Suppose you are an intellectual impostor with nothing to say, but with strong ambitions to succeed in academic life, collect a coterie of reverent disciples and have students around the world anoint your pages with respectful yellow highlighter. What kind of literary style would you cultivate? Not a lucid one, surely, for clarity would expose your lack of content. The chances are that you would produce something like the following:
“We can clearly see that there is no bi-univocal correspondence between linear signifying links or archi-writing, depending on the author, and this multireferential, multi-dimensional machinic catalysis. The symmetry of scale, the transversality, the pathic non-discursive character of their expansion: all these dimensions remove us from the logic of the excluded middle and reinforce us in our dismissal of the ontological binarism we criticised previously.”
These texts contain a handful of intelligible sentences — sometimes banal, sometimes erroneous — and we have commented on some of them in the footnotes. For the rest, we leave it to the reader to judge. [But] it’s tough on the reader. No doubt there exist thoughts so profound that most of us will not understand the language in which they are expressed. And no doubt there is also language designed to be unintelligible in order to conceal an absence of honest thought. But how are we to tell the difference? What if it really takes an expert eye to detect whether the emperor has clothes? In particular, how shall we know whether the modish French ‘philosophy’, whose disciples and exponents have all but taken over large sections of American academic life, is genuinely profound or the vacuous rhetoric of mountebanks and charlatans?
I love this part, too:
The feminist ‘philosopher’ Luce Irigaray is another who gets whole-chapter treatment from Sokal and Bricmont. In a passage reminiscent of a notorious feminist description of Newton’s Principia (a “rape manual”), Irigaray argues that E=mc2 is a “sexed equation”. Why? Because “it privileges the speed of light over other speeds that are vitally necessary to us” (my emphasis of what I am rapidly coming to learn is an ‘in’ word). Just as typical of this school of thought is Irigaray’s thesis on fluid mechanics. Fluids, you see, have been unfairly neglected. “Masculine physics” privileges rigid, solid things. Her American expositor Katherine Hayles made the mistake of re-expressing Irigaray’s thoughts in (comparatively) clear language. For once, we get a reasonably unobstructed look at the emperor and, yes, he has no clothes:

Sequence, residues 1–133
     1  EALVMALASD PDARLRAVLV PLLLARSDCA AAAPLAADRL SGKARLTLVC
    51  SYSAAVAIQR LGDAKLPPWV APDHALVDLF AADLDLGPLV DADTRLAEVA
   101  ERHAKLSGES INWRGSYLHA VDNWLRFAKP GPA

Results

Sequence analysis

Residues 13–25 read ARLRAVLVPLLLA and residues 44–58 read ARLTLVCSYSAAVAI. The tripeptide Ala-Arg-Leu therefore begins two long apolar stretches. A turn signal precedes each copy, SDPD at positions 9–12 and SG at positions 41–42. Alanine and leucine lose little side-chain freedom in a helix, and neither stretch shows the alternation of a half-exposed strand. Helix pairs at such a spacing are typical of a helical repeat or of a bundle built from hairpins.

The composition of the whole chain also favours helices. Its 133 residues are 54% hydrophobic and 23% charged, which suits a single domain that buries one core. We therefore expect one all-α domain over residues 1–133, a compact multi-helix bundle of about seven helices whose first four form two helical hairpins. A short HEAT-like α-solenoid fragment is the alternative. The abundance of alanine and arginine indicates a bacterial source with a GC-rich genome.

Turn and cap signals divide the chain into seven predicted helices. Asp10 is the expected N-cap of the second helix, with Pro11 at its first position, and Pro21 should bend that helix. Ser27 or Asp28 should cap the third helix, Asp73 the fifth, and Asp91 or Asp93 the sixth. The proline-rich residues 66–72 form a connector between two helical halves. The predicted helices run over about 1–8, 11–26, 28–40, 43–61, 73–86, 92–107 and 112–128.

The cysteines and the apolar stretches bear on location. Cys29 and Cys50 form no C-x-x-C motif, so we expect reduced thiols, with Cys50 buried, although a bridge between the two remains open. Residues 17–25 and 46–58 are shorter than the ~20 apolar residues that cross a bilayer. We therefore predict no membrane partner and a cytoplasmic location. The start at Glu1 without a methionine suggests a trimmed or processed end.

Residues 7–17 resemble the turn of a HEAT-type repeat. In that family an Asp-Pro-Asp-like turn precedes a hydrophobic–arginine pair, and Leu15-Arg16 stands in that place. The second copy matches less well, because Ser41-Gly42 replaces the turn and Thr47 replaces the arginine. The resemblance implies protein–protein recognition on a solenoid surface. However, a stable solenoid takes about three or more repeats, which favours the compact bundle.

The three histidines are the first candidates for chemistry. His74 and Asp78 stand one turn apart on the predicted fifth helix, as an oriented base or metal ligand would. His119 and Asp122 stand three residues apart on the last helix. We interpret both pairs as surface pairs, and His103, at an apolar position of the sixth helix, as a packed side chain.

“The privileging of solid over fluid mechanics, and indeed the inability of science to deal with turbulent flow at all, she attributes to the association of fluidity with femininity. Whereas men have sex organs that protrude and become rigid, women have openings that leak menstrual blood and vaginal fluids… From this perspective it is no wonder that science has not been able to arrive at a successful model for turbulence. The problem of turbulent flow cannot be solved because the conceptions of fluids (and of women) have been formulated so as necessarily to leave unarticulated remainders.”
You do not have to be a physicist to smell out the daffy absurdity of this kind of argument (the tone of it has become all too familiar), but it helps to have Sokal and Bricmont on hand to tell us the real reason why turbulent flow is a hard problem: the Navier-Stokes equations are difficult to solve.
An interesting (and entertaining) read…